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"As world leaders meet for the Rio+20 summit in Brazil"
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"As world leaders meet for the Rio+20 summit in Brazil"

Grant DuthieGross domestic product (GDP) as a measure of national progress is woefully inadequate. As Grant Duthie, 18, a Commonwealth Correspondent from Brisbane, reports, it fails to consider the planet’s ecological limits and long-term sustainability.

As world leaders meet for the Rio+20 summit in Brazil, UNEP executive director Achim Steiner has called on the world to begin its transition to “green growth”.

While this is an appropriate call given the finite resource limits of our world, it is however structurally unreachable with our current economic growth models.

After recently finishing a book by Sydney Morning Herald economics editor Ross Gittins, entitled the The Happy Economist, I am once again reminded of the structural instability of gross domestic product (GDP) as a measure of our societal wellbeing.

Gittens’ book provides an insightful exploration of how the study of economics departed from a measure of utility or happiness and optimal decisions to a relentless pursuit of growth. Describing this divergent study of psychology and economics, he uses David James’ quote describing economics as “the science of human behaviour that manages with scientific precision to avoid any understanding of humans.”

Fundamentally, nonsensical GDP attempts to account for our wellbeing and success by linking increasing wealth as a measure of our satisfaction. Yet prominent psychologist Bob Cummins from Deakin University points out an ostensible trend in his Australian Unity Wellbeing Index linking increasing wealth with diminishing marginal utility or declining satisfaction.

This is one of the many structural instabilities of GDP and has created a significant impetus for excess materialism and consumption as a way of improved societal wellbeing.

Where the fault line becomes even more frightening is when we begin to look at the resources required to meet consumption demand by more than four billion individuals in rising income countries like India and China.

The ecological nightmare is pervasive as our planet can only has a finite level of resources before our consumption and waste output damages our ecosystems and support structures.

The measurement of GDP fails to take in to consideration these ecological limits and the affect on long-term sustainability of economic growth.  The damage done by pollution or using up non-renewable resources is shown as improvements to our standards of living.

In addition to these effects, GDP also fails to measure the benefits of leisure to our workforce and society, rather viewing them as a loss to GDP and therefore our wellbeing. Current economic models also incorporate ‘defensive expenditure’ such as military, waste disposal and crime spending as improvements to our wellbeing.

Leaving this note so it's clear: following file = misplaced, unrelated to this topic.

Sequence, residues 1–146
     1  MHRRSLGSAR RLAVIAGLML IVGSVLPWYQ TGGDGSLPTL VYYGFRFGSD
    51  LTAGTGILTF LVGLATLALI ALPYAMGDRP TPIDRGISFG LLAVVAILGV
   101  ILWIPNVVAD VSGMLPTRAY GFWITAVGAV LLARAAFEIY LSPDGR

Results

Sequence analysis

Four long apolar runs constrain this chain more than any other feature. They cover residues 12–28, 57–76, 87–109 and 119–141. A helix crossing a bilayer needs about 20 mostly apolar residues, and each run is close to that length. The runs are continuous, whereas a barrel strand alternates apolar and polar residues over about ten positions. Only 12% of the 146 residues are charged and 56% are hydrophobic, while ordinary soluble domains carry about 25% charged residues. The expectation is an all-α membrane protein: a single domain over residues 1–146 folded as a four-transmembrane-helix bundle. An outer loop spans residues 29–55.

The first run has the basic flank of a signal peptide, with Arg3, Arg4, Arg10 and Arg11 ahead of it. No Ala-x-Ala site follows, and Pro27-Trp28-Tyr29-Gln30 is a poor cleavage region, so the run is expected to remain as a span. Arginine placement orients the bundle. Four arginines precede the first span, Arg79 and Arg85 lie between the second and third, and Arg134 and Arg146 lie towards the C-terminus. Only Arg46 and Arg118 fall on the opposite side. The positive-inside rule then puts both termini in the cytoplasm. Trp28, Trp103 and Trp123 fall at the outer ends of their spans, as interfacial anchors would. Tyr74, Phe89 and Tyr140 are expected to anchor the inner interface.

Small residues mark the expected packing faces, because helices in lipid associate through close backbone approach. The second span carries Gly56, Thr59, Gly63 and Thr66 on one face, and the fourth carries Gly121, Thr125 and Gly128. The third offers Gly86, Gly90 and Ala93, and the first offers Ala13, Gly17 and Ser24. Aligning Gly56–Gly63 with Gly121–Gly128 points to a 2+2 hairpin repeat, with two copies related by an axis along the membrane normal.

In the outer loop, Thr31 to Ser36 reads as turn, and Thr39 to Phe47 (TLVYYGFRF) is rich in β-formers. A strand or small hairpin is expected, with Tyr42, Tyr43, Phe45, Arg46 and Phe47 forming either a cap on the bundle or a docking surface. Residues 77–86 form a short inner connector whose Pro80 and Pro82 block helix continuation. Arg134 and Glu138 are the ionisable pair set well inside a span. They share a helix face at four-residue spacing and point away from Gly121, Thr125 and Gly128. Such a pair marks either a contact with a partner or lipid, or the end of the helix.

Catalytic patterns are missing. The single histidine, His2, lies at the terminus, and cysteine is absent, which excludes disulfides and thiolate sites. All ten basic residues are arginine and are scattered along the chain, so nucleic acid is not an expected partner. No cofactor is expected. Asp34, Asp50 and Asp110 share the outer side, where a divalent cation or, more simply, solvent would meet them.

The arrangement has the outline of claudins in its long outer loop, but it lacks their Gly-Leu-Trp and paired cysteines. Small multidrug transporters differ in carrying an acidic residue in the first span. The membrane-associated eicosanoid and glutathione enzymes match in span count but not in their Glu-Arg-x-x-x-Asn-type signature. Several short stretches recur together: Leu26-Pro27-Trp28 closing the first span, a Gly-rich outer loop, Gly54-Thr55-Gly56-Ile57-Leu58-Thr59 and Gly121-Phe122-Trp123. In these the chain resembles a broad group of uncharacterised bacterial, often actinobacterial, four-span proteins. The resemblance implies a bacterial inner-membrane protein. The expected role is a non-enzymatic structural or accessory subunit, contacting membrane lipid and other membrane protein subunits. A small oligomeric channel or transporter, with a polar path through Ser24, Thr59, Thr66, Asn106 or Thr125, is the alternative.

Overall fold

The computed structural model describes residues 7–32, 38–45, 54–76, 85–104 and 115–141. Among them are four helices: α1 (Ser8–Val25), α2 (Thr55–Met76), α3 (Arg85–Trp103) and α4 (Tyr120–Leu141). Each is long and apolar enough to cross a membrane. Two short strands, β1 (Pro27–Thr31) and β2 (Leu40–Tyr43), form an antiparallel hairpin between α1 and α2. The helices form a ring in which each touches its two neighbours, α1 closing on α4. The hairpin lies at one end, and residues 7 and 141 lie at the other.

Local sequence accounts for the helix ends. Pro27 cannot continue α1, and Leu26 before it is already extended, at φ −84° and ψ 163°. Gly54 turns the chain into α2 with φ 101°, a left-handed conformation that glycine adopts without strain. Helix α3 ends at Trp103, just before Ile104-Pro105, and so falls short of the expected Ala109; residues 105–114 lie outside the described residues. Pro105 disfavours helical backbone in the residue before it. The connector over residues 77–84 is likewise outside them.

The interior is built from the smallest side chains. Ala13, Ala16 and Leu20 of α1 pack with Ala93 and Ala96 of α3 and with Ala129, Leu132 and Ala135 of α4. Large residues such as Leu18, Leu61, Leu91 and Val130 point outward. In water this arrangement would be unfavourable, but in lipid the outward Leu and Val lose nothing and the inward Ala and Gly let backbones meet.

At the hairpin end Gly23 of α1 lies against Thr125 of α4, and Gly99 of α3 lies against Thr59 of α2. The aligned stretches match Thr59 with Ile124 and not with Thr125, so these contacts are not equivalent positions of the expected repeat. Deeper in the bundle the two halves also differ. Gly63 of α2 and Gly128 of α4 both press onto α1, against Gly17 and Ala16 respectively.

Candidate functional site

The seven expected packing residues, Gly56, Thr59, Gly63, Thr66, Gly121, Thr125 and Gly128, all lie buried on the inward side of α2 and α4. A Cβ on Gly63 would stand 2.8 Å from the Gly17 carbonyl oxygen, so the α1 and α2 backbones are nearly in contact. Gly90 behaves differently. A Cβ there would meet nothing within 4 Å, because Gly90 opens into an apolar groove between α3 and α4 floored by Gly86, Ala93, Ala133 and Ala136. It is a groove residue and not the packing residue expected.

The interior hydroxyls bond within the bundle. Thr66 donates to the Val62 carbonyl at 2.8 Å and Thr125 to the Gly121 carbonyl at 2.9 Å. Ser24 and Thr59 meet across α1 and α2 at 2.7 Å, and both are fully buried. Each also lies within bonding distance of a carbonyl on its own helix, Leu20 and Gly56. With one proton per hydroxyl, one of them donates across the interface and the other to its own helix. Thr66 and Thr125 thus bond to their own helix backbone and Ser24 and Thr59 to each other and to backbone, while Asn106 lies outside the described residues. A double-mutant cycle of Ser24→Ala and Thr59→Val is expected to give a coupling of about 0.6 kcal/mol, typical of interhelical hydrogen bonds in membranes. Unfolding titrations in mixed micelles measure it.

Income and wealth distribution is vaguely accounted for in per capita measures and is rarely an accurate measure when you compare it to the Gini Coefficient of income equality. So, since the measure is so deceptive in its accuracy why then do international institutions continue to support it?

I would be inclined to put it down to the magnitude of GDP’s bias that economists and world leaders have little idea of how to effectively construct another measure. GDP also carries power; it allows the P-5 nations on the security council to sustain their world influence and domination.

Reform is important and perhaps the first necessary step at global environmental talks.

The first change needed is to acknowledge the validity of currently published United Nations sustainability indexes and to begin using triple bottom line reporting to assist in removing the bias in GDP figures.

Without incorporating appropriate limits into the calculation, I fear talks could carry on for decades without progress and, as many know, time is not on our side.

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About me:

“I’m currently studying Economics and Behavioural Science at Queensland University of Technology in Brisbane. Through my concern for the environment and international affairs I’ve had opportunities to work with Polar Bears International in Canada and UN Youth Australia.

“Both experiences have led to a newfound interest in understanding the role economics plays in evaluating environmental decisions, human behaviour and societal development.”

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Opinions expressed in this article are those of the author and do not necessarily represent the views of the Commonwealth Youth Programme. Articles are published in a spirit of dialogue, respect and understanding. If you disagree, why not submit a response?

To learn more about becoming a Commonwealth Correspondent please visit: http://www.yourcommonwealth.org/submit-articles/commonwealthcorrespondents/

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